Enduring immigration perspectives: the “contradictory and impossible”? or a hopeless aspiration?
The word “immigration” comes from the Latin verb “immigrare” and is generally used to mean coming into a place for the purpose of permanent residence. Philosophically, we are all “immigrare’s” of some sort; and conceptually, “immigration” is not in itself controversial.
But it becomes a contentious topic when compounded with the complexities of human creations—for example, racial or religious prejudices. To best put it,
“We demand the contradictory and impossible. We desire [immigrants] to be excluded because of our own prejudices and admitted because of our need of the sort of productive energy which they posses, and because we realize that one, if not the chief, of all the glories of this country, is that the asylumship for the unfortunates of practically every race of people on earth.” (Cincinnati Enquirer, Japanese Immigration, June 26, 1920; emphasis added.)
The topic of immigration (distinguished from the concept) therefore becomes an easily self-serving one. On the one hand, we utilize it to create an “us” versus “them” phenomenon, so that we can easily articulate and justify our fear to our advantage. On the other hand, we utilize it as a contrite method of discussing labor economics at our convenience; we are capitalists, after all.
This playacting on the topic is nothing new. It is easily recognizable today on both sides of the political aisle. It is naive to think this phenomenon does not reached far back into our country’s history, or that it does not permeate to all walks of life. Perhaps naivety is simply my ideological denial, but I find what was old is now new again. The topic‘s self-serving seems evergreen for its worth in political or economic gains.
For example, an 1878 Cincinnati Enquirer editorial piece articulating the immigration problem in California:
“Appeals to Congress for protection are circulating all over the State, and are signed by all except those who profit in some way … the body of this Asiatic death which is weighing down the people of the [California] state and paralyzing every industry of the coast. … but when the field of labor is full here they will go east and south.” (Cincinnati Enquirer, California’s Curse, Feb 11, 1878).
Another 1880 editorialist’s title simply read:
“Garfield’s Death Warrant – His famous letter advocating an extended Chinese immigration, he declares himself adverse to the laboring man’s interest and is favor of the employer’s union, advising them to employ the cheapest labor available.” (Cincinnati Enquirer, October 23, 1880; it should be noted that James Garfield, a Ohio native, was elected the 20th President of the United States, serving from March 4, 1881 until his assassination later that year.)
And one from 1911 reads:
“Limiting the number of new comers permitted to land during a year from certain specific countries believed to send undesirable materials … they insist that there is a scarcity of labor in this country …. The objection made by some that as things are going the country will become Roman Catholic [are regarded] as cowardly and narrow in a land of religious tolerance and freedom …” (Cincinnati Enquirer Immigration Consideration, January 29, 1911).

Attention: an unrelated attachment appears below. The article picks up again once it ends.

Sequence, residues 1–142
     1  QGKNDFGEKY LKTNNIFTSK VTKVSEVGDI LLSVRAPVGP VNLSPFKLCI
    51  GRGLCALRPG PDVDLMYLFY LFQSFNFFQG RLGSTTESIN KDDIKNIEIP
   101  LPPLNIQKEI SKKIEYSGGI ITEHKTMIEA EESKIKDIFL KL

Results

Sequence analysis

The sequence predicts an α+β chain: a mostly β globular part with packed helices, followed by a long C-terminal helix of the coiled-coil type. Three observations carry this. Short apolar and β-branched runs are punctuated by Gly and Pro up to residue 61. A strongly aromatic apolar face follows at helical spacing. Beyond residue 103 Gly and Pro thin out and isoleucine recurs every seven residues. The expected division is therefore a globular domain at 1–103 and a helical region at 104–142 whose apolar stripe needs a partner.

Finally, the topic of immigration has also been tagged with the kind of self-serving opinion in the context of post-Civil War African American migrations. (E.g., Cincinnati Enquirer, The Rights of Labor – Negro Immigration, July 16, 1862; South Carolina Now and as She Was, February 17, 1871).
But is this topic strictly limited to being self-serving? Or is there some hope in being the naive:
“To the Members of the volunteer Associations & other Inhabitants of the Kingdom of Ireland who have lately arrived in the City of New York.
The bosom of America is open to receive not only the opulent & respectable Stranger, but the oppressed & persecuted of all Nations & Religions; whom we shall welcome to a participation of all our rights & privileges, if by decency & propriety of conduct they appear to merit the enjoyment.”
In 1783, George Washington welcomed new Irish immigrants in the City of New York and his remark suggests something important, does it not?
First, the “opulent and respectable Stranger” as well as the “oppressed & persecuted of all Nations & Religions” are equally entitled to participate in “all our rights & privileges” set forth in the Constitution. Second, this entitlement of participation is condition upon the participant’s “decency and propriety of conduct” that merit the enjoyment of such equal protection and opportunity.
Immigration to the United States has never been just about humanitarianism, politics, or economics. This country is not a place where the road is paved with gold and our democratic republic is not just about handing out its preciousness to all who walk upon its streets. Perhaps immigration is an aspiration of a national strategy—a call to participate in the constitutional experiment as we know it; and in such an experiment, it is important to remember that we are great together not by asking what we shall receive, but what we can do to contribute.
In the famous words of the good who died young:
So while this country’s immigration history may prove to be self-serving at times; its founding principles may be worth saving, at least for a naive immigrant such as myself.